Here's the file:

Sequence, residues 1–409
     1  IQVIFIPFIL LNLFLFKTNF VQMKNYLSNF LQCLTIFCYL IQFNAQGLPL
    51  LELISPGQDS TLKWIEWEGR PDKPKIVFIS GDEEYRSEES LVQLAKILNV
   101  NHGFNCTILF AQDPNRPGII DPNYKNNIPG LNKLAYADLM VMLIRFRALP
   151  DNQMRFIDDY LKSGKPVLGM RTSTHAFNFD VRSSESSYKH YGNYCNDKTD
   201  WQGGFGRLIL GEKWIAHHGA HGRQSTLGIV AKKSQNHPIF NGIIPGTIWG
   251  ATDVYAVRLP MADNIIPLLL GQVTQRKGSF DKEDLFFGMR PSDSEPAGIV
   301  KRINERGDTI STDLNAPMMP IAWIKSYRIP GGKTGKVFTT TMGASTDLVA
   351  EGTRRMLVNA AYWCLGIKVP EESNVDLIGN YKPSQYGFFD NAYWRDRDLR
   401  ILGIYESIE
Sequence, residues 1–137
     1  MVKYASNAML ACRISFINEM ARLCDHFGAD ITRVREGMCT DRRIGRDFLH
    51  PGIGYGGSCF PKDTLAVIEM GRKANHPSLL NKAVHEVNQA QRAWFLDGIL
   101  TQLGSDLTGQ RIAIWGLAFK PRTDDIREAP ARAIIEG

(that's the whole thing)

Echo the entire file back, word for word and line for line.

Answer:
Sequence, residues 1–409
     1  IQVIFIPFIL LNLFLFKTNF VQMKNYLSNF LQCLTIFCYL IQFNAQGLPL
    51  LELISPGQDS TLKWIEWEGR PDKPKIVFIS GDEEYRSEES LVQLAKILNV
   101  NHGFNCTILF AQDPNRPGII DPNYKNNIPG LNKLAYADLM VMLIRFRALP
   151  DNQMRFIDDY LKSGKPVLGM RTSTHAFNFD VRSSESSYKH YGNYCNDKTD
   201  WQGGFGRLIL GEKWIAHHGA HGRQSTLGIV AKKSQNHPIF NGIIPGTIWG
   251  ATDVYAVRLP MADNIIPLLL GQVTQRKGSF DKEDLFFGMR PSDSEPAGIV
   301  KRINERGDTI STDLNAPMMP IAWIKSYRIP GGKTGKVFTT TMGASTDLVA
   351  EGTRRMLVNA AYWCLGIKVP EESNVDLIGN YKPSQYGFFD NAYWRDRDLR
   401  ILGIYESIE
Sequence, residues 1–137
     1  MVKYASNAML ACRISFINEM ARLCDHFGAD ITRVREGMCT DRRIGRDFLH
    51  PGIGYGGSCF PKDTLAVIEM GRKANHPSLL NKAVHEVNQA QRAWFLDGIL
   101  TQLGSDLTGQ RIAIWGLAFK PRTDDIREAP ARAIIEG